One of the main reasons contractors fail is not that they’ve run out of work but because they’ve not managed their cashflow.
At preconstruction tenders should be cashflowed. If not cashflow positive by month 2, can you afford to fund the project (a big profit may be projected but do you have the cash to get there)?
During the construction stage cashflow forecasts should be regularly updated to include change. Does the timing/nature of the variation affect the projects cashflow in a negative, positive or neutral way; if negative what can be done to mitigate.
Cashflows can be used to identify potential issues. If a valuation is lower than projected why is that, is it due to delay or undervaluation? If over, are you overvalued or ahead of programme. Both situations need to be understood as both can give rise to issues – an undervaluation is obvious but if you have overvalued this will be balanced later so you should ensure you have enough cash to cover.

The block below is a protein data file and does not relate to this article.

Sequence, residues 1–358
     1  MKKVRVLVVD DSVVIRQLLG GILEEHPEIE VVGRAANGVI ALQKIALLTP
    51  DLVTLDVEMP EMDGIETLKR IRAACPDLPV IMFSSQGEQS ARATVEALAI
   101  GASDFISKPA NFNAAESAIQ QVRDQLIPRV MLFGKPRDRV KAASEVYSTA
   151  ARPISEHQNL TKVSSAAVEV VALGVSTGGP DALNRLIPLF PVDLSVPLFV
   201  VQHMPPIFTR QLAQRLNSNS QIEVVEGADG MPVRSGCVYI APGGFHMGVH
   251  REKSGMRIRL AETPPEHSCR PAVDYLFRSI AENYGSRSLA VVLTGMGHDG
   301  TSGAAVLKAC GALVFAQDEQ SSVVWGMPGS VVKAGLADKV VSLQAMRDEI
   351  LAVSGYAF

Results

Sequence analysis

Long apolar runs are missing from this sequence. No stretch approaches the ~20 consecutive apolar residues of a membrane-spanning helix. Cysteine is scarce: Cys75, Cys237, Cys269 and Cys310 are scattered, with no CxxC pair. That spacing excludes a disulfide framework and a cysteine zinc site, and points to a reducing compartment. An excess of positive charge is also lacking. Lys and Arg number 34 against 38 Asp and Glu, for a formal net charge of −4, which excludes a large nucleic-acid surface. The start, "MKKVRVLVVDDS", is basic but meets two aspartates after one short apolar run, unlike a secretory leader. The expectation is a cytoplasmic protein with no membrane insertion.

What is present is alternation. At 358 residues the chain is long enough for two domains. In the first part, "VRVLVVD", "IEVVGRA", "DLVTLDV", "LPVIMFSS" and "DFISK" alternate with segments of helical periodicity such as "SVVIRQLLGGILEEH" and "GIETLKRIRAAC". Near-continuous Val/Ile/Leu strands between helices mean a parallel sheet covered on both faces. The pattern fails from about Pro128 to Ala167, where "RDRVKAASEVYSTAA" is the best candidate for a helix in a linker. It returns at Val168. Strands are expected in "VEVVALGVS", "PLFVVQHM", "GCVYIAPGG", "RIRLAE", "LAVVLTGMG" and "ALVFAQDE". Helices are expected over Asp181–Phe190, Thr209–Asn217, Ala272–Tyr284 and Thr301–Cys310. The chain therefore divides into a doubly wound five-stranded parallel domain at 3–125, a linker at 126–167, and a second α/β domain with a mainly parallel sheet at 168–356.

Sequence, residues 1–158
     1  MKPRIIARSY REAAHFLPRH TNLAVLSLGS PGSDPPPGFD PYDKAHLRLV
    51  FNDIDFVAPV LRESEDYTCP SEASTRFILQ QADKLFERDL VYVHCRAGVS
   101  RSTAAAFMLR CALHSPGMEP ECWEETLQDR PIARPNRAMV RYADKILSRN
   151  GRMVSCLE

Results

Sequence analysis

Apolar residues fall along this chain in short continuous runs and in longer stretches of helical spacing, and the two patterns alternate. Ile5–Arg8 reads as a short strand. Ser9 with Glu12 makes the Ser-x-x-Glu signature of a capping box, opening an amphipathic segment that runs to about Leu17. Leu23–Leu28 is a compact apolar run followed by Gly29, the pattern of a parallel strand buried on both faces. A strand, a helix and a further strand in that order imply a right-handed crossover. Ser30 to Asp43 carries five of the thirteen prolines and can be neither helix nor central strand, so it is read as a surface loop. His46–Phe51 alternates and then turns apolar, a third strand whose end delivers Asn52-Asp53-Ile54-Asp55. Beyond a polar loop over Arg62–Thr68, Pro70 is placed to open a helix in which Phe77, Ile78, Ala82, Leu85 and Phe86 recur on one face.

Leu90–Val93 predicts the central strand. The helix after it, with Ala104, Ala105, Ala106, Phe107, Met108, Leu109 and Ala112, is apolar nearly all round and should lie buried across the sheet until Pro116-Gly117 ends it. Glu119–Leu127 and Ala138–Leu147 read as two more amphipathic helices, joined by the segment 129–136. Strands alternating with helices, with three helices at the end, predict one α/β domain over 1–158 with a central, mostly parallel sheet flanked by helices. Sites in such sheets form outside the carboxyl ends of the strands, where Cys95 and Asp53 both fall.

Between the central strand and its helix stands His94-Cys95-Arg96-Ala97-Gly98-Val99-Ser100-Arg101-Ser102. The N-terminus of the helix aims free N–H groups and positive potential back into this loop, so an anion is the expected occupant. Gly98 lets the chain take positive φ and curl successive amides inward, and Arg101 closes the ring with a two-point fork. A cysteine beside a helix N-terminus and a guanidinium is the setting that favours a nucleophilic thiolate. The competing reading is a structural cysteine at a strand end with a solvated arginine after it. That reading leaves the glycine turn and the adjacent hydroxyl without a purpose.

Project cashflows should be combined to form company cashflows. This will help identifying trends which can be used to increase cash reserves, improve overall cashflow, indicate your capacity for new work.
Companies who control their cashflow stay in business.